Introduction to the History of Taoism

By Anonymous | November 13, 2001

A Brief History

This page provides an extremely concise introduction to Taoism from a historical point of view. The main events in the history of Taoism have been divided into five sections up to the Yuan dynasty; for further explanations we recommend Taoism: growth of a religion by Isabelle Robinet and the monographic studies you can find in our bibliography.

The Warring States (453-222 B.C.)

Laozi Daode jing (IV-III c. B.C.) is the first scripture on the concept of Dao, described as the ineffable dynamic unity source of multiplicity. Man should reverse the process and return to unity by means of non-action (wuwei), which is also a political ideal. On the contrary, Zhuangzi (IV c. B.C.) conceives the Taoist Saint as a mystic, a supernatural being who identifies himself with the Universe, free from any social restraint. This image is closer to that of shamans (wu) and so-called “masters of techniques” (fangshi), who anticipate the figure of the Taoist priest, a searcher of immortality and an exorcist in control of natural phenomena.

That of Laozi and Zhuangzi is often referred to as “philosophical Taoism”, in contrast to a “religious Taoism” beginning with the Celestial Masters. These concepts hardly fit the actual reality.

The Han Dynasty (206 B.C.-220 C.E.)

Legalism and Confucianism form State ideology of the Chinese Empire under Qin and Han dynasties. The Huainanzi (II c. B.C.) unifies the image of the Saint with that of the political man, promoting a mixture of Taoist and Confucian ideals. A similar sincretic vein characterizes the Huang-Lao school, which unifies the cults of the Yellow Emperor (Huangdi) and Laozi.

At the end of the Han Empire revolutionary and messianic sects emerge; among them, Zhang Daoling’s Way of the Five Measures of Rice (Wudou mi dao), also known as Orthodox One (Zhengyi). In 215 his nephew Zhang Lu changes the name of the school to Celestial Masters (Tianshi), and makes of it the first hierarchically organized Taoist “church”, concerned with the limitation of popular cults and the establishment of social ideals through moral precepts and public liturgical ceremonies. The school becomes the highest authority on ritual orthodoxy.

The Chinese “Middle Ages” (220-581)

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Central to Ge Hong’s (280-340) Baopuzi is the idea of immortality as a natural physical transformation; among the techniques to obtain it are the “nourishment of life” (yangsheng) through the correct circulation of vital energies – breath (qi) and seminal essence (jing) – and the use of drugs and pills of immortality (external alchemy).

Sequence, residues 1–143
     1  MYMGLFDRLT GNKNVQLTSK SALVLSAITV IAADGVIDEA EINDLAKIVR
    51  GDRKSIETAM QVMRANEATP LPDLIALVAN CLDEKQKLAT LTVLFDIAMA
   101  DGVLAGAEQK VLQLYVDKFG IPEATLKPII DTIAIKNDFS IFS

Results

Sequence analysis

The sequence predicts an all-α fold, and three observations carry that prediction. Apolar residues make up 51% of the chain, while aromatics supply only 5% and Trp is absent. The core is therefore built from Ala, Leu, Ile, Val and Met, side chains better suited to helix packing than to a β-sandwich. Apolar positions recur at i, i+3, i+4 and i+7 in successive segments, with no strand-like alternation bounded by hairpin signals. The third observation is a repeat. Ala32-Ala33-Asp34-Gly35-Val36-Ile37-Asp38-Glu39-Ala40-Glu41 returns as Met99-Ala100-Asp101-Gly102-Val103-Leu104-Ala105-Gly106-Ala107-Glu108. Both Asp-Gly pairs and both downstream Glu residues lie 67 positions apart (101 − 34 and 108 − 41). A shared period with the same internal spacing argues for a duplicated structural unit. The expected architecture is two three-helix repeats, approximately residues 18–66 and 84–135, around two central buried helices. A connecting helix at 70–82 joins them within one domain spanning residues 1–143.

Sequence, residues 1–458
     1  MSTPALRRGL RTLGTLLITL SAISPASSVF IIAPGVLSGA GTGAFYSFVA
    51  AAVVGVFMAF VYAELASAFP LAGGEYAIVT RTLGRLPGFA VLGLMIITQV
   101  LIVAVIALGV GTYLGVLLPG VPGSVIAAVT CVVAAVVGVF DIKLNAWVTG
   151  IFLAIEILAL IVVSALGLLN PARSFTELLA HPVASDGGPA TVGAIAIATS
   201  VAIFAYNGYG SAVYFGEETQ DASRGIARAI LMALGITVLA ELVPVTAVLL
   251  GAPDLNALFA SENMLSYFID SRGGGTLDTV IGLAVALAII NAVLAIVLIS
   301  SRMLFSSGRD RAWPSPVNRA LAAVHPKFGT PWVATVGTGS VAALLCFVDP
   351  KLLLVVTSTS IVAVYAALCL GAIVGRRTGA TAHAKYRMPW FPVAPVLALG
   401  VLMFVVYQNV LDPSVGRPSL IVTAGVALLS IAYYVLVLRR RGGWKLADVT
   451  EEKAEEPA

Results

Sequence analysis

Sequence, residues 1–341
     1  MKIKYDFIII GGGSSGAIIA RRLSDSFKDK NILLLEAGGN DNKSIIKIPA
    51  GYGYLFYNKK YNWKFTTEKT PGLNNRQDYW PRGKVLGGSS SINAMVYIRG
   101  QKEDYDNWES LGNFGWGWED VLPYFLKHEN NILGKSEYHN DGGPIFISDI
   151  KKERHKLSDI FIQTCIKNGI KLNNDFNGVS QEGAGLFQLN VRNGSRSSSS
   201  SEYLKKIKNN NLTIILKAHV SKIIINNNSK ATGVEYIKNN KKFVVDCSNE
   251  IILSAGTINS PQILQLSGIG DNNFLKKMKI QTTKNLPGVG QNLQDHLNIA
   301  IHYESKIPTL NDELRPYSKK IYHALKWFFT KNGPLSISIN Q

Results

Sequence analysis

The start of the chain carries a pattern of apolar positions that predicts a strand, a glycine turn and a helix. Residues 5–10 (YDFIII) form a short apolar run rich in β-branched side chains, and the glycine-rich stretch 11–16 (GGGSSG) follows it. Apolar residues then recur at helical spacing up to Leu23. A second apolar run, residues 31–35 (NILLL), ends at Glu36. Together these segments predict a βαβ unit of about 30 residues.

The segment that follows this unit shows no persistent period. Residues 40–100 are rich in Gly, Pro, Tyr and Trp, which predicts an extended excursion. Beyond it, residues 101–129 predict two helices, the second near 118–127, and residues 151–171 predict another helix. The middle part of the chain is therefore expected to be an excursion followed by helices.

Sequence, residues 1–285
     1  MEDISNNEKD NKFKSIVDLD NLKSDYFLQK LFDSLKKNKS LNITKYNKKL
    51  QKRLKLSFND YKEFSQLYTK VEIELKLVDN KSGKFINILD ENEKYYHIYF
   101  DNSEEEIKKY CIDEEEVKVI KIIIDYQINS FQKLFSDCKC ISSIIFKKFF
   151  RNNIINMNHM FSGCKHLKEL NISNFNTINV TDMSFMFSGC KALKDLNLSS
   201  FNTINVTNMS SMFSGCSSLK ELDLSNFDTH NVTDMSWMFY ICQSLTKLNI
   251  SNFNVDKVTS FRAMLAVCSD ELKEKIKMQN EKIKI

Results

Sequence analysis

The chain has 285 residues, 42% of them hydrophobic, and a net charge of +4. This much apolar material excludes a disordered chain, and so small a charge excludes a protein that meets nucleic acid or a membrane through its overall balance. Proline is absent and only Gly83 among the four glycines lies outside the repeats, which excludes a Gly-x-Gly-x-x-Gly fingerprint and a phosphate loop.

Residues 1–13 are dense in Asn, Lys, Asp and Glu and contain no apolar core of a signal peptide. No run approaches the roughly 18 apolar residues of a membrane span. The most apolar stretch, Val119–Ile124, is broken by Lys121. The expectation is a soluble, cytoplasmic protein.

The IV century sees the birth of two of the main Taoist traditions, representing mysticism and ritual, respectively. In the years 365-370 Yang Xi receives the Supreme Purity (Shangqing) revelation. This tradition unifies the goal of early searchers of immortality and the ideal of the cosmic Saint of the Zhuangzi; central to its practices is the return to unity, the identification of human microcosm with macrocosm by mean of “ecstatic flights” and visualization of bodily deities. Tao Hongjing is the most representative master of the school.

Then, in 402, Ge Chaofu compiles new scriptures and attributes them to the Numinous Treasure (Lingbao) revelation, received by his ancestor Ge Xuan. This school, strongly influenced by Mahayana Buddhism, incorporates the doctrine of rebirth and retribution and develops the ideal of universal liberation in contrast to individual immortality. More elements that form Lingbao teaching are Confucian and Buddhist virtues, messianism and the liturgy of the Celestial Masters, which undergoes a deep evolution.

In 424 Taoism becomes the official religion at the Northern Wei court thank to Celestial Master Kou Qianzhi, who “purifies” the teachings of Zhang Daoling and his descendants. This period of glory lasts until the first half of the VI century.

The Tang Dynasty (618-907)

Tang emperors generally support Taoism, but the tendency ot the period is towards sincretism. The Double Mistery school (Chongxuan) integrates Indian speculation (Madhyamika) to the interpretation of the Daode jing.

Internal contemplation (neiguan) anticipates the birth of internal alchemy (neidan).

The Song and Yuan Dynasties (960-1368)

Zhenzong and Huizong are among the most supportive emperors of the Song dynasty; the latter is particularly favorable to the school of the Divine Empyrean (Shenxiao), based on the power of Thunder Rites. Other schools, such as that of Filial Piety (Jingming zhongxiao), incorporate Confucian moralism.

The development of internal alchemy continues with the Zhong-Lü and the Complete Perfection (Quanzhen) schools in the North and the Southern tradition of Zhang Boduan and Bai Yuchan. Breath, spirit (shen) and seminal essence become the ingredients of an alchemical transformation within the human body, a process based on the preservation and circulation of Yin and Yang.

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